A new study published in Geophysical Research Letters by Farallon Institute collaborator Chelle Gentemann, with FI scientist Marisol García-Reyes, describes the sea surface temperatures and wind characteristics along the U.S. West Coast during the 2014-2016 marine heat wave event, which was related to the heat wave event that took place in the Gulf of Alaska ("The Blob"). The nearshore warming in the California Current Ecosystem (along the coast of Washington-Oregon-California) began a few months following the development of the offshore Blob (January 2014) and ended in September 2016. Warm waters were periodically dispersed each spring with the onset of the upwelling season, though the warm water temperatures quickly returned when winds calmed. This study also demonstrated that during these three years, the upwelling season was somewhat weakened and its timing shifted, which can have serious consequences for biological communities in this ecosystem.
Results from this study were covered in an online National Geographic article on February 2, 2017.
Farallon Institute scientists Jeff Dorman and Bill Sydeman are part of a team of 23 scientists who will utilize 30 days of data collection from an autonomous Saildrone vehicle.
Marisol Garcia-Reyes and Bill Sydeman have a new paper in the journal Ecological Indicators this week in which they publish the Multivariate Ocean Climate Indicator (MOCI). MOCI is a regional indicator of marine environmental conditions for the central and southern California Current. It accurately represents ocean-climate variability and major climate events such as El Ninos and the recent North Pacific phenomenon "The Blob". MOCI also relates well to biological measurements across trophic levels, including copepod abundance, rockfish growth, and seabird reproductive metrics. Since the data that are used to create MOCI are found online, MOCI is easily update-able and will be updated quarterly. More information about MOCI and the index itself can be found here.
Farallon Institute scientist Marisol Garcia-Reyes is participating in a new research project that investigates Responses of biological productivity and fisheries to changes in atmospheric and oceanographic conditions in the upwelling region associated with the East African Coastal Current. The interdisciplinary group conducting this research, led by Dr. Mahongo at the Tanzania Fisheries Research Institute (TAFIRI), includes scientists from Tanzania, Kenya, South Africa, USA, and UK. Marisol will participate in developing biophysical relationship models between oceanographic conditions and biological productivity in the region.
Farallon Institute scientists Amber Szoboszlai, Julie Thayer, and William Sydeman co-authored a paper for a study that examined the role of forage fish in the California Current Ecosystem, and the results of this study were published in the journal Ecological Modelling. In this research, the authors developed and used a food web model to analyze which species are predators of forage fish (such as sardine and herring) and how much the predators' diets are composed of forage fish species. Results of this study show that many predator species consume multiple forage fish species (rather than focusing on just one type), which suggests that management on the ecosystem level rather than a species-specific level is likely to be a more successful approach to conservation. Likewise, this information suggests that declines in forage fish populations can have far-reaching effects in marine food webs.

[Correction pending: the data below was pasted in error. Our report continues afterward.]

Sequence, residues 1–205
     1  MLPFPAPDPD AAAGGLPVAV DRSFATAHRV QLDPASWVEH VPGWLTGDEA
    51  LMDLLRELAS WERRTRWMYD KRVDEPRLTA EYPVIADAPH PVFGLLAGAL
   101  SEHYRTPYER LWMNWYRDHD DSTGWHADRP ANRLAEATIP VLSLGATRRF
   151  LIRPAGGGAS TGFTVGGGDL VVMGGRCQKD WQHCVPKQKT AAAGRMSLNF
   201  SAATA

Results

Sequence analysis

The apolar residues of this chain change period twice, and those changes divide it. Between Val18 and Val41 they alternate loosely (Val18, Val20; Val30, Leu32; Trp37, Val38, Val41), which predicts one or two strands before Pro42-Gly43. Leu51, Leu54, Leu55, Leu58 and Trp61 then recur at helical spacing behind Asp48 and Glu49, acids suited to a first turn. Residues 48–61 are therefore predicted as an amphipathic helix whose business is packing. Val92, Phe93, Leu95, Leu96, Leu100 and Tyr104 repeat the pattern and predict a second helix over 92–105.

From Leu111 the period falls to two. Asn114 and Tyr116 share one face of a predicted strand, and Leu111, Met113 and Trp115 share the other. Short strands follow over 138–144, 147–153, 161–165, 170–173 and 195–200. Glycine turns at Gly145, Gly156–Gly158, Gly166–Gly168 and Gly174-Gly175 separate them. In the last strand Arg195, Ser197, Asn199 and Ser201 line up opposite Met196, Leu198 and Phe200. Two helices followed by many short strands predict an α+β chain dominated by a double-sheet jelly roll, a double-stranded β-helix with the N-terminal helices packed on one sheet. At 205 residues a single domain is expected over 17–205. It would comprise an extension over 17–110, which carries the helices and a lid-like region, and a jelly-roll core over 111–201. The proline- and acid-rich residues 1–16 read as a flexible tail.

On April 28, Bill Sydeman was one of a group of scientists who testified before the California State Senate Joint Committee on Fisheries and Aquaculture. The topic of the hearing was "Crab season and domoic acid: lessons learned", and Bill spoke in the section for "Ocean conditions, the West Coast algae bloom and domoic acid levels: Now, over the next year, and into the future". More information about the hearing can be found here, and video of the hearing is archived here (scroll down to 4/28/2016 Joint Committee on Fisheries and Aquaculture). The slides from Bill's talk can be found in Presentations.
A new paper by Hassrick et al. in the journal Fisheries Oceanography investigates what influences the distribution and abundance of juvenile Chinook salmon in California...
Farallon Institute scientists Bill Sydeman and Sarah Ann Thompson have a new paper published in Science Magazine today.
Bill was interviewed for an online Q&A article by The Pew Charitable Trusts titled "Ocean Champion: Q&A with Bill Sydeman".
Farallon Institute researchers have been working to study and describe the recent collapse of the California anchovy population.
The Farallon Institute for Advanced Ecosystem Research is pleased to announce its selection as an award recipient in the Google Impact Challenge: Bay Area,
FI Scientists Julie Thayer and Amber Szoboszlai presented results of their research at the American Fisheries Society annual meeting
FI Scientist, Mike Litzow, has earned a Ph.D. in Marine Ecology from the University of Tasmania in Australia
Julie Thayer and Amber Szoboszlai presented research on predator consumption of forage species at the American Fisheries Society Conference, in Portland, Oregon
Sardine Working Group organized by the Ocean Modeling Forum, and their final meeting took place in Seattle, WA, on June 29-30
Paper describing methods for acoustic surveys of deep-sea fishes
FI researcher Pete Davison was featured in two recent articles in The New York Times about deep-sea fish.
Study in the journal Marine Ecology Progress Series describing krill aggregations in the California Current.
Workshop held at Scripps Institute for Oceanography on May 2015.